Note – to protect our clients identities names have been changed. You can see more referrals at www.facebook.com/timeforbalance.
Judy Claughton, Mindfulness Meditation Trainer
March 15, 2017
Even the first session of acupuncture can be relaxing
When people come for acupuncture for the first time, they are often surprised at how relaxed they feel when they are having treatment.
“I feel like that feeling that you get when you have been on holiday for a few days, you know that really settled feeling..” was one of the comments that I had after the person had got off the couch.
Spacey is the word that gets frequently used, I say to people in advance that you might feel a little spacey after treatment and they should take it gently just afterwards.
It is surprising how just a few tiny needles can transform someone who has raced into the treatment room after meetings, school drop offs or a commute from London and then a few minutes after the needles are in I can hear their breathing change and sometimes the sounds of a gentle snore.
Perhaps it’s no surprise, we all rush around trying to cram as much as possible into our day. Often oblivious to the fact that our bodies might benefit from a bit of a recharge. One of the benefits of the first acupuncture consultation is the opportunity to discuss and reflect on lifestyle habits that may be contributing to the problem. Chinese Medicine looks at patterns and takes into consideration the whole person. Acupuncture is one part of the treatment, but dietary and lifestyle advice are also included in the consultation.
Susannah Fone, Acupuncturist
February 27, 2017
When we become stressed or under pressure the brain sends out a signal to your adrenal gland to produce adrenalin and cortisol.
Adrenalin is secreted into the blood stream to trigger your heart rate and lung capacity to increase and to work in harmony to pump extra blood and oxygen to your legs and arms which is preparing your body for the “fight or flight” response – its there to protect you from danger so your muscles are more responsive to do just that, fight or fly (run).
Cortisol is released at the same time, which fuels your body with extra energy that’s stored away for just such a situation. Cortisol will regulate the blood sugar levels and acts as a natural anti-inflammatory just in case the body is harmed.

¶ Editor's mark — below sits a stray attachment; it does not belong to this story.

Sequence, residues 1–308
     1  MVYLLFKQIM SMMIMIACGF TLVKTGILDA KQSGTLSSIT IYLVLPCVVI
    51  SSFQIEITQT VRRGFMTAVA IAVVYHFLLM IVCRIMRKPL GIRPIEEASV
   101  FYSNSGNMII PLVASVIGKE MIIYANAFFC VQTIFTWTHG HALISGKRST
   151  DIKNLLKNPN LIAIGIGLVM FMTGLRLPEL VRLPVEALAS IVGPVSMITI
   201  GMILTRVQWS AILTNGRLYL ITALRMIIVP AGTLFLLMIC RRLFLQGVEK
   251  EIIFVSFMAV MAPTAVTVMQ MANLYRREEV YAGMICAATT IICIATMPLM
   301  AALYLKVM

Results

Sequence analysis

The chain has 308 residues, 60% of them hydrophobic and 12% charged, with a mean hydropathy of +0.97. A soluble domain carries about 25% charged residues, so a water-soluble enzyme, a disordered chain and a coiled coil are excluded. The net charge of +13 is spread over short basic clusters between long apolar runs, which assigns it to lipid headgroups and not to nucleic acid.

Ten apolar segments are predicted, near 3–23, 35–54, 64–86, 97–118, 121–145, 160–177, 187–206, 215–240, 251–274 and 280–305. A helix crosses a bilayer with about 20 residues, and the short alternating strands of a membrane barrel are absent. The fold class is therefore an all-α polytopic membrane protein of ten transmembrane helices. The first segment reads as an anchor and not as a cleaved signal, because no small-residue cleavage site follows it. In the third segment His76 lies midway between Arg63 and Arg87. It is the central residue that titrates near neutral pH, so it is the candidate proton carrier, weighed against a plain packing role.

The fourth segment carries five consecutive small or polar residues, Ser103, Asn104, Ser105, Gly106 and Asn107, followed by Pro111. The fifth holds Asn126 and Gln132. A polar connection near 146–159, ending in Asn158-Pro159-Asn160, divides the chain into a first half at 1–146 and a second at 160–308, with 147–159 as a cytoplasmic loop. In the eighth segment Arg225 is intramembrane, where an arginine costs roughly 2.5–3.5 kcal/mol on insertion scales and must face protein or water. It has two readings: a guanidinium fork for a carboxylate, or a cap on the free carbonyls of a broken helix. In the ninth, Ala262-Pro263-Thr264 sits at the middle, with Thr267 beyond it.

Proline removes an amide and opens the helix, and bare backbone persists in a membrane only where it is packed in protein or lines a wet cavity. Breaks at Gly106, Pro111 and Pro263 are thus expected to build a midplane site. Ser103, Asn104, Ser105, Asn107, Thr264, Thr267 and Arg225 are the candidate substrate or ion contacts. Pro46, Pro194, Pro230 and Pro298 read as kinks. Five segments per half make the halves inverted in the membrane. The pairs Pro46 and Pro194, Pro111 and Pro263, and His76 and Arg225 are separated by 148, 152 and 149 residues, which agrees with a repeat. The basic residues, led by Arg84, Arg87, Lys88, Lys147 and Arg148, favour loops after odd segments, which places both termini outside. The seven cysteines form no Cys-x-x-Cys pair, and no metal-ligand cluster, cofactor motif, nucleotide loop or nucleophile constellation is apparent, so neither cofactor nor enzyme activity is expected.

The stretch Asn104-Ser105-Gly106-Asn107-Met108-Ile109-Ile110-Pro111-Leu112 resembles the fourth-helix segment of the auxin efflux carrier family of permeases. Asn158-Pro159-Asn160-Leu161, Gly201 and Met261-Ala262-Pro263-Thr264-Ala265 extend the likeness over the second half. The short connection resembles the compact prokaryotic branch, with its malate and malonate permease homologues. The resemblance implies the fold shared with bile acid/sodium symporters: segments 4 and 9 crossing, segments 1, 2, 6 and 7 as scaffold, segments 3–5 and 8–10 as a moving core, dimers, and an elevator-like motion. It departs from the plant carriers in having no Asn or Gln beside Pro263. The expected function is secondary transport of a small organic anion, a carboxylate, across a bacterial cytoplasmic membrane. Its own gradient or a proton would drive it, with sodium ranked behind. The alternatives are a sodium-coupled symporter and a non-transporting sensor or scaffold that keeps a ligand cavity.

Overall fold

The brain does not know if you will be harmed or not but as we are just animals by nature the only things that would cause us harm, back when we were just cave people, would be a predator.
As we have moved through the ages and evolved, we now have more things that will trigger stress.
Because of this extra energy that’s created in our bodies, you may feel like you’re full of energy or shaking perhaps? Hot or cold? This is because your body is preparing to run or fight.
What happens to our bodies when we are stressed?
If this is happening to you several times a day then you are going to lose concentration, feel tired, experience a loss of appetite – your body doesn’t require food when preparing to run or fight so appetite and digestion is decreased and this is why you may feel sick or want to go to the toilet, sometimes the body will want to evacuate what is in the stomach to make its job easier.
The brain is not required to be intellectual in an uncomfortable situation so you may feel that you can’t think straight.
What causes stress?
Every day activities brings stress, targets at work, driving/traffic, your child becoming ill, unexpected bill, exams etc. etc…. your brain and central nervous system doesn’t know the difference between real physical harm or a mental or emotional threat to your self, and its how you as an individual cope with that response that is critical to understanding how to make improvements and changes.
You are an individual and so it’s how you interpret that which will tell your body how to respond.
Ed Francis, Clinical Hypnotherapist
National No Smoking Day 8th March
Wednesday 8th March 2017 is National No Smoking Day – is this a target for you?
How many times have you said you want to stop smoking?
- “I can stop when I want to”
- “I’ll stop tomorrow”
- “I will stop next week”
- “I will stop in the new year”
Do these sound familiar? If so then I’m guessing you haven’t yet stopped smoking, because “tomorrow” never comes and the best time to do anything is RIGHT NOW.
There are 3 areas that need to be addressed to successfully stop smoking;
- Nicotine addiction
- Psychological addiction
- Obsessive behaviours